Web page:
Which university is right for you?

Factors to consider while making a college list.

When it comes to choosing colleges, there is a proverbial scene in the movie, Harry Potter and the Cursed Child, that sums up the conundrum well.

Albus, Harry’s youngest son, is worried that the Sorting Hat would choose his house as he prepares to go to Hogwarts. As the little boy is about to board the train, Harry reassures his son, that the choice would be his to make, if he so wished.

College admissions can feel the same. One waits and waits to be accepted by a college, but in reality, you choose the college as much as it chooses you. It’s important to think through what you want the college experience to be like and pursue colleges which fit into your priorities and aspirations.

Here are a few salient factors to keep in mind, beyond academic and extracurricular life, as you evaluate different colleges:

Location: Where a college is located can determine many things. Usually, proximity to a city means more professional opportunities, an active city life, better food and lifestyle choices. Smaller college town/suburban-rural locales, on the other hand, can provide a stronger college community and a more intimate collegial experience. With limited off-campus activities on weekends, college clubs and organizations end up being more active and offer activities that help create a bond with your peers.

On the downside, urban settings imply a higher cost of living and small college towns can often be quite far from professional networks and circuits. It is important to choose one that balances your needs.

For example, liberal arts colleges like Yale, Dartmouth, Brown are known for tight-knit student communities but are proximate enough to east coast cities such as Boston, New York City to facilitate the right opportunities. Certain colleges like Georgetown offer quiet, enclosed campuses despite being close to central DC. While Parsons and NYU are both in Manhattan, Parsons is located in a quieter, residential setting while NYU is near the buzzing Greenwich Village. On the West Coast, the Claremont Colleges (that include Pomona and Scripps) have small campuses adjacent to each other and offer an intimate setting, while having easy access to Los Angeles, for instance.

A student at Cornell, preferred the isolated location of the campus as the setting of her quantum physics work as she had access to a world-class laboratory. She didn’t mind the distance/time to New York City.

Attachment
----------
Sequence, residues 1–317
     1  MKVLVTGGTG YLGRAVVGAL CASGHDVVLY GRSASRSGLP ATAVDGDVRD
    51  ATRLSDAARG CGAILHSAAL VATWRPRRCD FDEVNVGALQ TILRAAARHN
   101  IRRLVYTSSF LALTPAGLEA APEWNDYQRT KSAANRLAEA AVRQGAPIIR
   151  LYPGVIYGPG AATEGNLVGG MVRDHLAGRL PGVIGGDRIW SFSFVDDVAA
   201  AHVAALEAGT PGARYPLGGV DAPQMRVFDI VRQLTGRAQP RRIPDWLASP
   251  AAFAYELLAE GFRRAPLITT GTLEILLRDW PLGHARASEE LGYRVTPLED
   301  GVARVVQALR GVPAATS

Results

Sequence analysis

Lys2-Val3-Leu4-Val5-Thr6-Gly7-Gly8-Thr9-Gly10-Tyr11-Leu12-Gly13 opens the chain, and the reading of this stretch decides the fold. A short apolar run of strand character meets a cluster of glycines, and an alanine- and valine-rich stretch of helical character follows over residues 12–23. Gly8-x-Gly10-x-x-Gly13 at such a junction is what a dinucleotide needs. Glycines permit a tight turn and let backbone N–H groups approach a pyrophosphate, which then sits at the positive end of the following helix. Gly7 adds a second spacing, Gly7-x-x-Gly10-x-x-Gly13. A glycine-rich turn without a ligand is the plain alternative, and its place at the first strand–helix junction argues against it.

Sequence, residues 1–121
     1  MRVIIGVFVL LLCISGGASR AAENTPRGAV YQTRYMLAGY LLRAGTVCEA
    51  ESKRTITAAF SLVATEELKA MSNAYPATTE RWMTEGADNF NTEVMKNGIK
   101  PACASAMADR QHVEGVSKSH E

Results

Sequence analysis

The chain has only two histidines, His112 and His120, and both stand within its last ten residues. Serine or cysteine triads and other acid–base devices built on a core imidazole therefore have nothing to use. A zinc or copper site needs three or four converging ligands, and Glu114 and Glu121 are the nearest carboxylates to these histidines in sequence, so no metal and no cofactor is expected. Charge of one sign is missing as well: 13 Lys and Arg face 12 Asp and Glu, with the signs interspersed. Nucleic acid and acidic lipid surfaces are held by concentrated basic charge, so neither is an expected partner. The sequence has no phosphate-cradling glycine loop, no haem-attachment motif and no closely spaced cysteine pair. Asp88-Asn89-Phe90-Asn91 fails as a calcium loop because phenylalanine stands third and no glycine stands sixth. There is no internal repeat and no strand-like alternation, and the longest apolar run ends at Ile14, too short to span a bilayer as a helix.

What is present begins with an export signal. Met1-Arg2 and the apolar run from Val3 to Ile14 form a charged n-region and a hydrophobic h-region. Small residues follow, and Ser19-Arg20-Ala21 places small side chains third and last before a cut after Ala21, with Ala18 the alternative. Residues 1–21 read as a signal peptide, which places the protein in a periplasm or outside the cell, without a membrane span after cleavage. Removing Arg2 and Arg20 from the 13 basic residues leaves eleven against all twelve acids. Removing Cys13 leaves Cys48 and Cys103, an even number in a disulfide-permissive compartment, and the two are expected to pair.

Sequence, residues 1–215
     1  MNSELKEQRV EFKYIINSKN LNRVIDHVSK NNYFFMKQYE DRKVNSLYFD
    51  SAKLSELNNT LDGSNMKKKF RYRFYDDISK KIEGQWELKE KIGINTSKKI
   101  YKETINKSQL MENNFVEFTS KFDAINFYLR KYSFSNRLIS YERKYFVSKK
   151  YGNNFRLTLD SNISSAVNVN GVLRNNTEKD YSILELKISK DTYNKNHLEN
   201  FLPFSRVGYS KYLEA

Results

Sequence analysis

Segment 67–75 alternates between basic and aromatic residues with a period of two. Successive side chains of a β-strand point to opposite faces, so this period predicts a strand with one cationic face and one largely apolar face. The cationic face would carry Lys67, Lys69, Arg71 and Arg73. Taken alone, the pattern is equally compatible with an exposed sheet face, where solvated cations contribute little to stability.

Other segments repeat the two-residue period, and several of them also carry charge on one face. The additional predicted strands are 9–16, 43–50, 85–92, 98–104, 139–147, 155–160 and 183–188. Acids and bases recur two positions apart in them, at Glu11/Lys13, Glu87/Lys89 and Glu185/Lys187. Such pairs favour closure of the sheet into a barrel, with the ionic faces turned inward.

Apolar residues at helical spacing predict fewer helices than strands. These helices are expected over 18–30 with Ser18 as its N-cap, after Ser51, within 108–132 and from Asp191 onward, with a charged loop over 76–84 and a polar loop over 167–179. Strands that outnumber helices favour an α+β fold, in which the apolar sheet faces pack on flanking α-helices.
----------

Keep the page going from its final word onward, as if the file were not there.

Think about what you need from your college and academic aspirations!

Diversity: As an international student, diversity is more than a buzzword for you. You are what constitutes diversity for a college. A healthy community of international students help freshman ease into their surroundings and get support in intangible ways.

Adjusting to a new place, new culture and new people is not easy at any age. As you leave home for the first time and head off to college, it’s important to think about what support systems you might need. Having people you can relate to, and therefore, the mix of students in your class will likely determine your social experience of college. If you come from an international school and find yourself well-versed in American culture, you might find it easier to fit in.

Think this one through. Reach out to students or attend webinars to understand how colleges support international students. Writers Qi is hosting a series of webinars with university representatives. Attend these virtual meetings and learn about the college culture and get answers to any questions that you may have.

One important point to note here is that usually, diversity figures reported by US colleges pertain to the proportion of Hispanic and Black students. You need to dig deeper and look for the proportion of international students.

Carnegie Mellon, Boston University, NYU stand out as universities with an impressive >20% international students at an undergraduate level.